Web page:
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Re: Circular Polarity

Hi All,

I've seen a few statements regarding the helix antennas on AO-40...  as far
as I know, there aren't any!

While AO-10 has a helix antenna for 1.2GHz, and AO-13 had one for 2.4GHz as
well, AO-40 uses an assortment of different antennas.  Take a look at the
gain antennas, clearly visible in this photo (my favourite) :

Here's my interpretation of this photo, with assistance from the AMSAT
Phase 3D Antenna Design Review at

1.  The 2m antenna array is composed of 3 folded dipoles evenly arranged
around the satellite's +Z facet.  They can be seen in the photo, each
dipole mounted one three white stand-off insulators

2.  The 70cm antenna array is composed of 6 circular patch antennas,
operating in RHCP mode, arranged around the 400N motor's exhaust.

3.  The 1.2GHz antenna is a short back-fire antenna, turnstile feed (Large
silver antenna, furthest from camera)

4.  The 2.4GHz antenna is a 50cm parabolic dish fed by a turnstile antenna
(large, yellow, upper-most antenna)

5.  The 5.6GHz antenna is a 25cm parabolic dish, probably also fed by a
turnstile / reflector arrangement.  This is the small yellow antenna at the
bottom of the photo.

6.  There are two separate horn antennas for the 10GHz system;  one fed
from a solid-state amplifier, and the other from a Travelling Wave Tube
(TWT).  These can be seen at the bottom of the photo, below the 5.6GHz
antenna.  Red "remove before flight" covers protect them from ingress of

7.  The 24GHz horn antenna can be seen at the closest point to the camera,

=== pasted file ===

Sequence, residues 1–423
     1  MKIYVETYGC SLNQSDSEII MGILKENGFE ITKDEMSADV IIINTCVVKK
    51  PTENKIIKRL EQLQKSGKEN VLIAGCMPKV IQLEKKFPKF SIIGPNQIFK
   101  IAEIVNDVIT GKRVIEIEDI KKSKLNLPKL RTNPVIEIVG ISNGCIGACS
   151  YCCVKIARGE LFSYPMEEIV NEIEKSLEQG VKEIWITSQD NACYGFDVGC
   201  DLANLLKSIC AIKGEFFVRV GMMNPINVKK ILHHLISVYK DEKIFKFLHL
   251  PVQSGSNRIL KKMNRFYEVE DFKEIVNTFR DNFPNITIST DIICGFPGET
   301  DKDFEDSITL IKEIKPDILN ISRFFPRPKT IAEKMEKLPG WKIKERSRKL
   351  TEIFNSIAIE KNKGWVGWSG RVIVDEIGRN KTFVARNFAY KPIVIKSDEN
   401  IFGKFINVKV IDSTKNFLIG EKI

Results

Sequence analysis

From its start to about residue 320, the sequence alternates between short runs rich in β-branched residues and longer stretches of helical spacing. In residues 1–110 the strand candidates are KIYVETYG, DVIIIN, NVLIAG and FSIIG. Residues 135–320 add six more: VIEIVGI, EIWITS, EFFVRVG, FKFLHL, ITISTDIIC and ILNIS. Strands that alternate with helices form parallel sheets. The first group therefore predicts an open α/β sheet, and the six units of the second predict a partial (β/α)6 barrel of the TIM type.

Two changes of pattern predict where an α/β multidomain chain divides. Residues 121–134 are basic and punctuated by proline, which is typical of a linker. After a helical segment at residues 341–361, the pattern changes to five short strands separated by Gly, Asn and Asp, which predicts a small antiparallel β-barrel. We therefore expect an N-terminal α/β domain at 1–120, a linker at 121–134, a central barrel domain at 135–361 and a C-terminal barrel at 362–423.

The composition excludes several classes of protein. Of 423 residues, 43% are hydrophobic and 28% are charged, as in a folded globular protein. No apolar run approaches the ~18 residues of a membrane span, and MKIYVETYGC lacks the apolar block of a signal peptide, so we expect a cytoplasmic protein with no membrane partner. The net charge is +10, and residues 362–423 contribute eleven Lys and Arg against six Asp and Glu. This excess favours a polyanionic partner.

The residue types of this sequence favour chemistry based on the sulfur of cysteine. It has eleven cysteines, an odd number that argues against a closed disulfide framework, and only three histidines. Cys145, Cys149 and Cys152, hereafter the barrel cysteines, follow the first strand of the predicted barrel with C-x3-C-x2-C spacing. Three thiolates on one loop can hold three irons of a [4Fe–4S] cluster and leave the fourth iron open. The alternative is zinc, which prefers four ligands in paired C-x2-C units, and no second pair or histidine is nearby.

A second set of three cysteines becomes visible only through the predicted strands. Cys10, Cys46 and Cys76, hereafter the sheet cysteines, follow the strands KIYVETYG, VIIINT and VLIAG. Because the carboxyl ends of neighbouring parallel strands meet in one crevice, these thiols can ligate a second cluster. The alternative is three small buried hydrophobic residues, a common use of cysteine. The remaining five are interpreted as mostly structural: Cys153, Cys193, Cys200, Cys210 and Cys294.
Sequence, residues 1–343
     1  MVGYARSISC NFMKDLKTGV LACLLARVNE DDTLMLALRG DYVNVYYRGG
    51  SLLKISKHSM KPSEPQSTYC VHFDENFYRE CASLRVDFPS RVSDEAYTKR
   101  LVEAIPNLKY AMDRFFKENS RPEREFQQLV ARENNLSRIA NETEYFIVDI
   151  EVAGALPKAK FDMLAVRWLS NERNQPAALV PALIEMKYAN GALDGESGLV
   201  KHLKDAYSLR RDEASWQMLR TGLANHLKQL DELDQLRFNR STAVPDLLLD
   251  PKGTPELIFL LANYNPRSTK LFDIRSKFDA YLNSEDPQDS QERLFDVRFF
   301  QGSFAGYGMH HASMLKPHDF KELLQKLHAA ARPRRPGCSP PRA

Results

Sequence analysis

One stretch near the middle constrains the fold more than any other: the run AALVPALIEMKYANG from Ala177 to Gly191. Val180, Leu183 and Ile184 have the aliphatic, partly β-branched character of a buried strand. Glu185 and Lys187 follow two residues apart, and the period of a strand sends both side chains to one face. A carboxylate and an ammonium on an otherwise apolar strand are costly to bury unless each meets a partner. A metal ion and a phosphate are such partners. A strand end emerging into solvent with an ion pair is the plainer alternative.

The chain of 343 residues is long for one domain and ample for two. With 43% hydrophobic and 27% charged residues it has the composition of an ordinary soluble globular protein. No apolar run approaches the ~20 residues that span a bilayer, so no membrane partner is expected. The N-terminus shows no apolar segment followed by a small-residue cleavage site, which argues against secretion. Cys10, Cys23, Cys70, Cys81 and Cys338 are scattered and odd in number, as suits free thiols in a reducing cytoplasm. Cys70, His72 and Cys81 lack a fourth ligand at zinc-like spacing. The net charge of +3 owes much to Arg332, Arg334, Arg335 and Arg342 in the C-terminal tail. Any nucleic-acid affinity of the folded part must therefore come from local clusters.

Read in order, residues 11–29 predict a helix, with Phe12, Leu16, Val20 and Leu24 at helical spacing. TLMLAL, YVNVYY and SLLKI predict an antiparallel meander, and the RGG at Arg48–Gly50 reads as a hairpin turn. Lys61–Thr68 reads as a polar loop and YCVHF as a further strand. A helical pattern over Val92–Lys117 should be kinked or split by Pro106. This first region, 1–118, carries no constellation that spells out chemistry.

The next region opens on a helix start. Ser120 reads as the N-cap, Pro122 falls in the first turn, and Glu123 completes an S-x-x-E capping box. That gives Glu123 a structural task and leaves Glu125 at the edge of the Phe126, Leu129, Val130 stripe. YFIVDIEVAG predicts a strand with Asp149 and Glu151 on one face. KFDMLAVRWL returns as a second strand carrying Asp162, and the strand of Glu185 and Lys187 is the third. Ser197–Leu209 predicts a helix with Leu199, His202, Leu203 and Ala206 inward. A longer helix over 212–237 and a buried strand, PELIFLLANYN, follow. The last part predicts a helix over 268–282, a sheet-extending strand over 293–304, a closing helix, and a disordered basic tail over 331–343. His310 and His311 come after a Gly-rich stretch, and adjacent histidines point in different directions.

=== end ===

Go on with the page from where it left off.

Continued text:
and is also fitted with a red "remove before flight" cover.  You can
actually see the horn inside the satellite.

8.  The four "hot cross buns" (1.6GHz patch antennas) arranged around the
+Z facet are part of the GPS experiment.

Apart from the 70cm array, I couldn't find any explicit statement that all
the high-gain antennas are operating in RHCP, however I believe they are.
Also, Table P3D-4 in the Radio Amateur's Satellite Handbook (Davidoff)
states that they are RHCP.

In photo http://www.amsat-dl.org/launch/L_image039.jpg , you can see the
three quarter-wave whips on the -Z facet, which are the omnidirectional
antennas for 2m, 70cm and 1.2GHz.  (The red-capped device in the center of
the satellite is the 0.1N arc-jet exhaust).



p.s  Ideally, an RHCP antenna on the ground should be used to receive a
RHCP antenna in space

At 16:56 29/12/2000 -0500, you wrote:
>Hi Gang,
>      Today I bit the bullet and ordered an S-band down converter/preamp 
>that has really nice specs.  That was the easy part.  Next I spent a couple 
>of hours trying to figure out the polarity of the S-band hi-gain antenna on 
>AO-40 so that I can start shopping for an antenna.  I  could find no 
>polarity info for any antenna on AO-40 except the 70 cm arrangement which 
>is RHCP.  I did find an article by G3RUH about how to build an S-band dish 
>(got that tucked away on the hard drive!) for AO-13, in which he uses a 
>helix at the feed, wound "opposite to a normal screw thread".
>      I believe that a signal that leaves the bird from an  RHCP antenna 
>would want to see an LHCP antenna on the ground, unless a dish were in use 
>which would reverse the polarity on reflection to the focal point.  I
>      There must be someone out there who knows the S-band antenna 
>characteristics for AO-40.  Any help directing me toward the path of 
>righteousness would be appreciated.  Especially at these prices!
>TNX and 73, Ken
>Via the amsat-bb mailing list at AMSAT.ORG courtesy of AMSAT-NA.
>To unsubscribe, send "unsubscribe amsat-bb" to Majordomo@amsat.org
Via the amsat-bb mailing list at AMSAT.ORG courtesy of AMSAT-NA.
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